Race And Regulation Podcast Episode 3 - Redlined Forever?, Jessica Trounstine May 2022

Race And Regulation Podcast Episode 3 - Redlined Forever?, Jessica Trounstine

Penn Program on Regulation Podcasts

Racial segregation in American cities is no accident. Building on research from her award-winning book, Segregation by Design, political scientist Jessica Trounstine of UC Merced examines how local land use regulations aimed at protecting the property values of white homeowners have generated segregation across racial and class lines that persists today—and how that segregation brings serious inequities in access to quality schools and public amenities. But just as segregation resulted from policy choices, Trounstine shows how desegregation can be a purposeful choice, too, with the right regulatory decisions.


Race And Regulation Podcast Episode 2 - Why Are There So Few Black Financial Regulators?, Chris Brummer May 2022

Race And Regulation Podcast Episode 2 - Why Are There So Few Black Financial Regulators?, Chris Brummer

Penn Program on Regulation Podcasts

For generations, regardless of which party has controlled the White House, Black leaders have been virtually absent across the federal government’s financial regulatory bodies—a state of affairs that has severely limited the representation of Black communities and their interests in financial policy decisions in the United States. Chris Brummer of Georgetown Law discusses why longstanding racial disparities in financial regulatory leadership continue even today—and what changes might be required to overcome them.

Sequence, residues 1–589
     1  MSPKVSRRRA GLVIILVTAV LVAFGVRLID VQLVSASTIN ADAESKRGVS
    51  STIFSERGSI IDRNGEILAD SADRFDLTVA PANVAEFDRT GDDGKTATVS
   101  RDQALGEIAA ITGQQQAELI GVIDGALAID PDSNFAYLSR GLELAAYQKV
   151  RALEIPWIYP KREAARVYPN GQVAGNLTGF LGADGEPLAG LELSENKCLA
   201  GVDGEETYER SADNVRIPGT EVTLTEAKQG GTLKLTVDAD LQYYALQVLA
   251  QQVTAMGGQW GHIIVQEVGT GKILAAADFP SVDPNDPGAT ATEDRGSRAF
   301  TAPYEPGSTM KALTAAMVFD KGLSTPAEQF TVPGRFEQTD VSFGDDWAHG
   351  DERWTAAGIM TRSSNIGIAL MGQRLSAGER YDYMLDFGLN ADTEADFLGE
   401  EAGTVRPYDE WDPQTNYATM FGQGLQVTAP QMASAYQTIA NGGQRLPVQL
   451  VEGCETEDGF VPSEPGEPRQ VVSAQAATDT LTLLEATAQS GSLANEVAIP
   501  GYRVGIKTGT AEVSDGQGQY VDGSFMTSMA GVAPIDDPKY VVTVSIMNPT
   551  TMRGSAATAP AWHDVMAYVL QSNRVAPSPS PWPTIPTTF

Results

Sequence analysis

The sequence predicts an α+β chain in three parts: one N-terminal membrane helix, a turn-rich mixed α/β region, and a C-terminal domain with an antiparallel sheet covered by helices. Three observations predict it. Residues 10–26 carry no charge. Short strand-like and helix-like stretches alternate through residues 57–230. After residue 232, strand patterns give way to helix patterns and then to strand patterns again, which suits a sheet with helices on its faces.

Moving Toward Personalized Law, Cary Coglianese Mar 2022

Moving Toward Personalized Law, Cary Coglianese

All Faculty Scholarship

Rules operate as a tool of governance by making generalizations, thereby cutting down on government officials’ need to make individual determinations. But because they are generalizations, rules can result in inefficient or perverse outcomes due to their over- and under-inclusiveness. With the aid of advances in machine-learning algorithms, however, it is becoming increasingly possible to imagine governments shifting away from a predominant reliance on general rules and instead moving toward increased reliance on precise individual determinations—or on “personalized law,” to use the term Omri Ben-Shahar and Ariel Porat use in the title of their 2021 book. Among the various technological, …


Creating An Inclusive Political Order, Guy-Uriel Charles Mar 2022

Creating An Inclusive Political Order, Guy-Uriel Charles